Author: Phil West Posted: 17 Feb 2016
‘Sheene’ set for the silver screen
Race legend Barry Sheene is set to come to the big screen in an all-new, feature-length biopic from the celebrated writers of Auf Wiedersehen Pet, Porridge and The Likely Lads.
The two-time 500cc world champion – the last Brit to claim the premier class title – is the subject of a movie currently in development in a joint UK/Australian production. The story is based on the book ‘Barry: the Story of Motorcycling Legend Barry Sheene’ by Barry’s teammate and friend Steve Parrish and GP commentator Nick Harris with both signing up to be consultants on the movie. While the script, adapted from the book, is by acclaimed British screenwriting duo Dick Clement and Ian La Frenais, who, with Porridge and more have been responsible not just for some of British TV’s biggest hits but also movies including The Commitments and The Bank Job.
The duo are reported to currently be putting the finishing touches to the script with casting expected in the next few months and filming due to commence later this year. Its likely release in 2017 will mark the 40th anniversary of Sheene’s last 500cc crown. To mark the announcement of the movie, producers, Brit Will Stoppard (son of playwright Tom) and Aussie Rod Morris have released this short teaser trailer on social media.
OFFICIAL VIDEO TRAILER
Londoner Sheene, who tragically lost his life to cancer in 2003 aged just 52, is arguably the most famous and loved motorcycle racer of all time. Twice 500cc world champion (in 1976 and 1977) he is even more celebrated for his achievements and antics off-bike. His good looks, cheeky-chappie personality and marketing nous won him a legion of fans, made him the poster boy of a generation and delivered TV shows, advertising campaigns (most famously for aftershave Brut) and previously unheard of (for a bike racer) wealth and recognition.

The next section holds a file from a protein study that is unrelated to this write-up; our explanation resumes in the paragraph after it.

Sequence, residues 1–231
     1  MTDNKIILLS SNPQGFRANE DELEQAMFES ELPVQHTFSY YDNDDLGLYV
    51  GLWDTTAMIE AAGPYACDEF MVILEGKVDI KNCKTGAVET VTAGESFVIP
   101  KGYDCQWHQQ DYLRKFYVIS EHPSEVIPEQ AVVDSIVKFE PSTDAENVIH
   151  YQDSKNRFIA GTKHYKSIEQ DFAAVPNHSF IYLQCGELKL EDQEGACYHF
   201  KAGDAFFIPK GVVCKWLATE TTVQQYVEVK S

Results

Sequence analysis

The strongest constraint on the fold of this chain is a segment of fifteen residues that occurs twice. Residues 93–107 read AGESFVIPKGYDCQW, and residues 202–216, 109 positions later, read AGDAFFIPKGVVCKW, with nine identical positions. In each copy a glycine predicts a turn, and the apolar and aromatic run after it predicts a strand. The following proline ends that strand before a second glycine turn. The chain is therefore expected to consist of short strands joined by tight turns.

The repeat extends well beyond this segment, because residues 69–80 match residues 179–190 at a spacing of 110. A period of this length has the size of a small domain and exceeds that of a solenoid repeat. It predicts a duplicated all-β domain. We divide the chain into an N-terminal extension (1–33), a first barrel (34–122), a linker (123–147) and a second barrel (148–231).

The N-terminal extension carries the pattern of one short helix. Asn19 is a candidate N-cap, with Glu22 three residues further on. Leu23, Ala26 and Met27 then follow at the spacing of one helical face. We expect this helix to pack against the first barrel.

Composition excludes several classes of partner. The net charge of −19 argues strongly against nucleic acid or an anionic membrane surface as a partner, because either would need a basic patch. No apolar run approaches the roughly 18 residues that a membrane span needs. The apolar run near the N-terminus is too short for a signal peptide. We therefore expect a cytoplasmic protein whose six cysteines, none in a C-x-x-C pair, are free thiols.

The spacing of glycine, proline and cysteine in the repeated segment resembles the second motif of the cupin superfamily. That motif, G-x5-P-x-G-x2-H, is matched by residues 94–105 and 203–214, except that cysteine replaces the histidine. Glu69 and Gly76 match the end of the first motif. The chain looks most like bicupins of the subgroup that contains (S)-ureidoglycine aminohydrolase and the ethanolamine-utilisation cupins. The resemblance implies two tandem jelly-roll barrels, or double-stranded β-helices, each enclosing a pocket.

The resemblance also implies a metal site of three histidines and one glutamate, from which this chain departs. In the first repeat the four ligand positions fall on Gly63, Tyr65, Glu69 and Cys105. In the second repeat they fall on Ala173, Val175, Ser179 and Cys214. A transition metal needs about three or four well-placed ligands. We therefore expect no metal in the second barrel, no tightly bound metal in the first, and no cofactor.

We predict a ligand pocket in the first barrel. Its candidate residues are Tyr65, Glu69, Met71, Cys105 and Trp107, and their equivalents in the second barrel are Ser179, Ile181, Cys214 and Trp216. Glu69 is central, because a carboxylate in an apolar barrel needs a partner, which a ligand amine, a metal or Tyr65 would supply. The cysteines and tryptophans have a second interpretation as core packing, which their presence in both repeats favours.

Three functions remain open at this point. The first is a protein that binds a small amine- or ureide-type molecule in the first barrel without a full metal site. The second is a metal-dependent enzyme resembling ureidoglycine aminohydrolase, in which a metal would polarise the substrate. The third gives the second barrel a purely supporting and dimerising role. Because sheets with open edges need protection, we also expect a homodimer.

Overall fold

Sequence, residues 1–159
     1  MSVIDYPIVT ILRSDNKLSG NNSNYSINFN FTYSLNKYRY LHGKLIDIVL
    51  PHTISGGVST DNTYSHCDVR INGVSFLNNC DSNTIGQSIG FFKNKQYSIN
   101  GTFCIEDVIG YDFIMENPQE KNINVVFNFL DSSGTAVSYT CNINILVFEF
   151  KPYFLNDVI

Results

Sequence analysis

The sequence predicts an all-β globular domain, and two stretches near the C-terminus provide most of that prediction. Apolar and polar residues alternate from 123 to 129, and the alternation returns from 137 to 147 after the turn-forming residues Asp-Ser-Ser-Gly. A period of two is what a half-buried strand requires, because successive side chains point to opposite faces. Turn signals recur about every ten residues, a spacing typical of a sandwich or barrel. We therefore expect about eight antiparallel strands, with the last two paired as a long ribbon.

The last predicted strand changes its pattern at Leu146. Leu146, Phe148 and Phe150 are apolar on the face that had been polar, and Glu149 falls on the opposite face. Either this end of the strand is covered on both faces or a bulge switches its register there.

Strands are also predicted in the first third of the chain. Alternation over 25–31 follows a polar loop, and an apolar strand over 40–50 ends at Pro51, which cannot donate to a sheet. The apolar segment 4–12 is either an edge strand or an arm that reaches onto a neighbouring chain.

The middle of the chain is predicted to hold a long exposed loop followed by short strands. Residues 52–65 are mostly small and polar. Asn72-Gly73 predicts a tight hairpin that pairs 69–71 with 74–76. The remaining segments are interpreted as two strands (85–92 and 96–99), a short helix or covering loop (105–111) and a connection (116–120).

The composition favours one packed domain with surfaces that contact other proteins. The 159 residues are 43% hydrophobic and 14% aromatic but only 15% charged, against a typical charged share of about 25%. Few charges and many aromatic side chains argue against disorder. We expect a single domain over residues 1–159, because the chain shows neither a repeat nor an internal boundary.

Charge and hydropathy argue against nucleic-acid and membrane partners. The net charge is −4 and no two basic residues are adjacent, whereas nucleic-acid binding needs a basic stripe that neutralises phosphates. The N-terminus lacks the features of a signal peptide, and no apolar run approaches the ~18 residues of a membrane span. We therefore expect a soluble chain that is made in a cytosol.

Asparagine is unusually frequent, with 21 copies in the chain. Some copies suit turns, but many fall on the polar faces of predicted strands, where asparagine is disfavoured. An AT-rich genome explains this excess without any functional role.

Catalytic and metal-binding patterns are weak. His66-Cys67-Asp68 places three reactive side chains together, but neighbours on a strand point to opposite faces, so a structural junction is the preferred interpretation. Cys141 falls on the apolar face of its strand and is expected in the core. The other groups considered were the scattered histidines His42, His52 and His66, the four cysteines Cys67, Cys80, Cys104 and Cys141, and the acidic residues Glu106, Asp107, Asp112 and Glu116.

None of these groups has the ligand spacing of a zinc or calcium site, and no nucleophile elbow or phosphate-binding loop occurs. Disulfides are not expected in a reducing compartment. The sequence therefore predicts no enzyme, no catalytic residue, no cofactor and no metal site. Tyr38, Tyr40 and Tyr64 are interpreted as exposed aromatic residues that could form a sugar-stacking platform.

Just as famously Sheene also cheated death twice in two near-fatal crashes (at Daytona in 1975 and Silverstone in 1982) before returning to the very top of the sport. Following his retirement in 1984 he emigrated with model wife Stephanie to Australia’s Gold Coast where he became a successful motorsport commentator for Australia’s Channel Nine. The new movie follows similar recent motorsport biopic Rush, which celebrated F1 drivers James Hunt and Niki Lauda, and the documentary Senna, which both proved successful.
Scriptwriters Clement and La Frenais, both now based in Hollywood, told The Standard they were amazed Sheene’s story had not been turned into a movie before.
La Frenais said: “It’s surprising it’s not been done. It’s about sport, but it’s also about living your life to the absolute limit. He’s a fascinating personality to portray. He was a chancer, a flirt but also an incredibly good bloke. He was a rock star.”
Stoppard added: “We are thrilled to have screenplay writers of Ian and Dick’s calibre. From the beginning it was clear they understood who Barry was and what he stood for. We knew they would deliver material that portrays the uncompromising, larger than life character, coupled with the humour and drama that was never very far away from Barry. At the same time they have their finger on the pulse of the 1970s enabling them to make the most and capture this fascinating era as a backdrop to the movie.”
He added: “It’s a rush to be making a movie about Barry Sheene – bringing his story and legacy to the big screen. When he was thrown into the public eye after his Daytona crash, I remember feeling a sense of empathy with this intrepid character and he became a childhood hero. I was fascinated with him and the danger of Grand Prix motorcycle racing, it was a buzz. To have a British sporting icon who cheated death, did whatever it took to win, lived life to the full, and conquered the most dangerous sport in the world was inspiring.”
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